The Omniscient Viewer

I’ll be the first to admit it: I can count the number of black and white movies I’ve seen on just one hand. I’m not particularly proud of it, in fact there seems to be some sort of elitist better-than-you vibe I get when someone can name more black-and-whites than me — oh ho ho. But why is it so difficult for these classics to hold my attention? Or maybe they would if I just gave them a chance. The combination of a shorter attention span, an expectation of extreme quality, and the assumed need for full-color has driven myself, and just about everyone else in my generation, to essentially banish black-and-white films.

One particular aspect of modern movies, the idea of an omniscient viewer, is something we take for granted. I never even stopped to think how it was physically impossible to be the main character, the main character’s friend, a pilot, a dead man, a bird, etc. all at the same time. In real life, we don’t have the luxury of witnessing life from all possible angles — like the firemen in 1903, we’re either inside the house passing out, or we’re outside looking at the rescuers. As viewers, this cut-and-paste, one point of view at a time, seems almost alien, but why? We’ve gotten so used to being everywhere all the time that it seems strange, or even boring, when older movies force us back into reality and slow down. Movies and TV shows have evolved into a fantastical new world where literally anything is possible (my goodness I love sci-fi and fantasy). Directors from the early 19th century didn’t think about escaping — it was more about documenting people’s way of life. And this isn’t a bad thing, just different. It’s what divides a ‘classic’ and modern flash fiction.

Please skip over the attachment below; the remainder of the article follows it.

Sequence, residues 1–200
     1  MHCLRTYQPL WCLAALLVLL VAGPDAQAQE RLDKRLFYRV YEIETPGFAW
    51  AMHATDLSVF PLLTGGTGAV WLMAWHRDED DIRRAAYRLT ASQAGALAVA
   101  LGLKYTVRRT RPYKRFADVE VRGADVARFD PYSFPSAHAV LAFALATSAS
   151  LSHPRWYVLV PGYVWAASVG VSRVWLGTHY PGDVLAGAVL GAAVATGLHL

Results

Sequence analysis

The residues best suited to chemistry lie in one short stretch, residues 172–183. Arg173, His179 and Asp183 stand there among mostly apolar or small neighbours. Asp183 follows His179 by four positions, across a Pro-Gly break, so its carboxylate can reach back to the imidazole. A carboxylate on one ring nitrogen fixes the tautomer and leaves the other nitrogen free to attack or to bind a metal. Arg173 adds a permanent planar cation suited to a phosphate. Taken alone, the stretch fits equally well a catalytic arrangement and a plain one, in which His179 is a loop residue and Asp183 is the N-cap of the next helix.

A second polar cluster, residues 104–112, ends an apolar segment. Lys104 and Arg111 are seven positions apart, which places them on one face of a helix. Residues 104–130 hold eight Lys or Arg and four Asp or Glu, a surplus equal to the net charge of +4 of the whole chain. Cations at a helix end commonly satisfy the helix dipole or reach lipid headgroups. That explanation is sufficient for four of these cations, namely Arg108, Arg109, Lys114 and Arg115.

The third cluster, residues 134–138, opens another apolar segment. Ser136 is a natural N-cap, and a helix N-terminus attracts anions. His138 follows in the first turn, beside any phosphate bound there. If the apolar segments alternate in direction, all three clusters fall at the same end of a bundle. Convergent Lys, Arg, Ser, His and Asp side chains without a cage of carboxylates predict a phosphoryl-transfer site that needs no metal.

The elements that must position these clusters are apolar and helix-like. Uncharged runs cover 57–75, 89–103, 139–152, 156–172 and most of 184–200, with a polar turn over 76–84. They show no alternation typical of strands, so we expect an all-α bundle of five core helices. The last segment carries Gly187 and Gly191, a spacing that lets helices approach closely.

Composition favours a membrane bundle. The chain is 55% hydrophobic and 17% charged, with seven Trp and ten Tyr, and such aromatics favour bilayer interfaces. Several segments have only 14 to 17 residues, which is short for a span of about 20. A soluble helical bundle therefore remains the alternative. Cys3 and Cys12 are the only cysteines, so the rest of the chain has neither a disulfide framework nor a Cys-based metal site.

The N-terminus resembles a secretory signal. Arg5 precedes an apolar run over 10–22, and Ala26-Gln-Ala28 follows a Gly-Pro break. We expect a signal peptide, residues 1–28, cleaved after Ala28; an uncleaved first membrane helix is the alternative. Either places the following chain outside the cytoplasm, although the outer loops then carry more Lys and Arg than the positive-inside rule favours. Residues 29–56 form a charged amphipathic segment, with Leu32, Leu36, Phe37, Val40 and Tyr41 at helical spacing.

Here’s lookin’ to the future of film.


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